Watch Wilson Chowdhry's interview with Gary Lane to learn what Christians can do for little Saiba and Christians in Pakistan.
The brutal rape of a child has resulted in rare justice for Christians in Pakistan.
The Muslim rapist of two-year old Saiba has been sentenced to 25 years in prison and fined the equivalent of $1300 for the crime he committed in December 2016.
"It's a highly unusual case of justice for Christians," said Wilson Chowdhry of the British Pakistani Christians Association (BPCA).
"Christians are a highly vulnerable and regularly persecuted body of people in Pakistan and justice is hard to come by as families are either forced to accept a bribe under duress in exchange for an acquittal of perpetrators, or face another family member being attacked or killed," he said.
Apearing on the CBN News program The Global Lane, Chowdhry explained what happened to little Saiba when the Muslim friend of her brother was left alone with the toddler.
"The poor child was left alone with her older brother who was 10-years old because the mother and her eldest son had to go to work to feed the family," said Chowdhry.
And while the adults were away, neighbor Mohammed Abbas visited the home and asked Saiba's brother Daoud to go to the store and buy him some cigarettes. When the 10-year old returned, he discovered the door to the home was locked and he could not enter.
"I could hear Saiba crying and screaming louder then I have ever heard her scream before. I knew there was a problem and banged loudly on the door but no one was opening the door for me," Daoud recalled.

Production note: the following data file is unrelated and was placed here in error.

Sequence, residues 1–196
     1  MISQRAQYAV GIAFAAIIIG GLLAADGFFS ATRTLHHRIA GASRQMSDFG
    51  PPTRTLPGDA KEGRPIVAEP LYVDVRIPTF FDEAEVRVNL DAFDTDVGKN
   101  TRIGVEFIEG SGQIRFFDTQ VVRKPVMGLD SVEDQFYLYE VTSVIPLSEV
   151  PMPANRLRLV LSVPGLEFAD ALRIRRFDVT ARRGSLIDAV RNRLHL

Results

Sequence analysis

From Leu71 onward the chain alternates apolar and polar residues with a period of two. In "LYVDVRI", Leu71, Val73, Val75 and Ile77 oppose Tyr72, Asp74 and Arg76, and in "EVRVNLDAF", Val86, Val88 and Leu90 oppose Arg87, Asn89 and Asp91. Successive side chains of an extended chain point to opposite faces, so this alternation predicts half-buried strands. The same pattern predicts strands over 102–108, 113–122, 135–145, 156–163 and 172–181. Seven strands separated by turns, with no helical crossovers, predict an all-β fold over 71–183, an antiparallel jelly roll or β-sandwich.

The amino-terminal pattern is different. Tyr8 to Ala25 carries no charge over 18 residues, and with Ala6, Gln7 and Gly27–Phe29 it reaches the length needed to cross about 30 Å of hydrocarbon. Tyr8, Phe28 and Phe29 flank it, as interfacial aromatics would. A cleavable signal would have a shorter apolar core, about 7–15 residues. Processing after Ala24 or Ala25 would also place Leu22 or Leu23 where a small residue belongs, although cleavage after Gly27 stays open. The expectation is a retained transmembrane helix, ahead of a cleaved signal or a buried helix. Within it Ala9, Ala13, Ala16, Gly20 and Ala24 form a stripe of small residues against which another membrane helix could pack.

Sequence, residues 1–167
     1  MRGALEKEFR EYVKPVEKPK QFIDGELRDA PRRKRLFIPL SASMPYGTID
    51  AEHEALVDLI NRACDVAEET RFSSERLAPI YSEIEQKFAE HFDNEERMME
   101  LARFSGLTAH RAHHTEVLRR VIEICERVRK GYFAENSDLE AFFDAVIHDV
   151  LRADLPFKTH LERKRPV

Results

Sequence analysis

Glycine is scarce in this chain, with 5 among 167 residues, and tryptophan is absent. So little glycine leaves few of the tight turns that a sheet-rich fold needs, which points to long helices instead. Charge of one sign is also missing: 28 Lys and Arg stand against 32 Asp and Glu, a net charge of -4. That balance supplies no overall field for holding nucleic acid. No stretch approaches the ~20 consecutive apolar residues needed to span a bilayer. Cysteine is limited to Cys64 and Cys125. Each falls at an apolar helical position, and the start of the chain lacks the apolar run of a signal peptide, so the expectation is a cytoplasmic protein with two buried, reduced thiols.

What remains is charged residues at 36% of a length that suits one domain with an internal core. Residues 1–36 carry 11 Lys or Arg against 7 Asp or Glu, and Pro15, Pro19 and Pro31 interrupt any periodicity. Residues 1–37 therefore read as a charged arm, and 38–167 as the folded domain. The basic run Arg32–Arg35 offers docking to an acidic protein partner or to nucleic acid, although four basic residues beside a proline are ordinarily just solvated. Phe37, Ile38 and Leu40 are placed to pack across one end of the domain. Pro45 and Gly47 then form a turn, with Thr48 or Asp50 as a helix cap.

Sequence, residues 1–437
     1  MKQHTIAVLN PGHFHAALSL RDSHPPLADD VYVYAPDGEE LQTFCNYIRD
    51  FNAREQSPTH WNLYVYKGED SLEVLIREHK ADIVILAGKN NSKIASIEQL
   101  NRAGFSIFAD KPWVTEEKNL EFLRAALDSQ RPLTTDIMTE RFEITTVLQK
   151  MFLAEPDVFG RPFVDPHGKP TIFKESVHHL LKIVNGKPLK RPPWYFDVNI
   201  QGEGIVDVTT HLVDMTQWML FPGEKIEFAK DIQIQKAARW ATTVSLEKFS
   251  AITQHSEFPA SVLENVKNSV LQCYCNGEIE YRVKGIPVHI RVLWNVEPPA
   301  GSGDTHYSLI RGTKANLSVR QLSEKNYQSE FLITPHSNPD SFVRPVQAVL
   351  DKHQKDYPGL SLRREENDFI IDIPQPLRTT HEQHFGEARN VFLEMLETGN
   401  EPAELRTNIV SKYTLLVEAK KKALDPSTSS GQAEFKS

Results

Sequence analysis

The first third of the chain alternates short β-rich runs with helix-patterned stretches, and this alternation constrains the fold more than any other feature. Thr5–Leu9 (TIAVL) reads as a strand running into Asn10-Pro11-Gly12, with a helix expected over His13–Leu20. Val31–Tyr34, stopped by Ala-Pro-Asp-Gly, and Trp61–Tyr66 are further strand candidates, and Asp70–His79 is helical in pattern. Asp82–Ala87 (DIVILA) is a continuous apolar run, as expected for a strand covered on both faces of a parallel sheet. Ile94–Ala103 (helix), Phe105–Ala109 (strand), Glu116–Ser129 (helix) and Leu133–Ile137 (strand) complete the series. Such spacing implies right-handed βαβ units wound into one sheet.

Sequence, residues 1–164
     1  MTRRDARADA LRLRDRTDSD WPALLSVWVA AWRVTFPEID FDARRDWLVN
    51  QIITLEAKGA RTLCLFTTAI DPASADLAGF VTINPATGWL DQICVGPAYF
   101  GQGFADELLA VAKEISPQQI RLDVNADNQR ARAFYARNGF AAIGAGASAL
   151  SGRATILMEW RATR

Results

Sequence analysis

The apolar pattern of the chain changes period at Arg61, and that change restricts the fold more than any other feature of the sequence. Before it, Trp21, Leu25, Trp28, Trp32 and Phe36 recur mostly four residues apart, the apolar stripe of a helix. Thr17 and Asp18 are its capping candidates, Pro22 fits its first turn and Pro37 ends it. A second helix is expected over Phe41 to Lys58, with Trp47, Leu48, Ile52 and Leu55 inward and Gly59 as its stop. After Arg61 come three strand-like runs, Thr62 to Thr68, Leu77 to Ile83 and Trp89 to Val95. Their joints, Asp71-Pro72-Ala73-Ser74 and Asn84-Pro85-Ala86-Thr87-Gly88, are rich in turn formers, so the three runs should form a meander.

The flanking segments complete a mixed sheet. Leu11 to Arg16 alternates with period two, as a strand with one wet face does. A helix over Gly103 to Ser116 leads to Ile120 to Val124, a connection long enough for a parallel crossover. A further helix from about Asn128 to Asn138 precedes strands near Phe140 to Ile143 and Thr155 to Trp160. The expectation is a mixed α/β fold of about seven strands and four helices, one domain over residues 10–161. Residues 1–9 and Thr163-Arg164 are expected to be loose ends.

After a period of about 30-minutes, the door swung open and Abbas took the pack of cigarettes from the boy.
"He lit a cigarette, smiled as he left Daoud, and walked away," Chowdhry explained.
He said Daoud rushed into the home and comforted his little sister until his mother and brother returned.
"When my mum came minutes later she cleaned the blood off Saiba's naked body and wrapped her in a towel. We both hugged her to bring some peace to her," said Daoud.
Now four years old, Saiba is still traumitized and suffers nightmares from the brutal attack.
Hospital officials who treated Saiba believe it is unlikely that she will ever be able to bear children because of the massive physical damage suffered to her reproductive organs as a result of the rape.
Chowdhry describes Saiba and her family as brave, devout Christians who trust God. They have received help from both their church family and BPCA since the attack.
He said Saiba's legal victory is one that sets a new precedent for Christians in the Muslim-majority country, "It proves that Christians who are willing to fight for justice can achieve it even in the broken nation of Pakistan."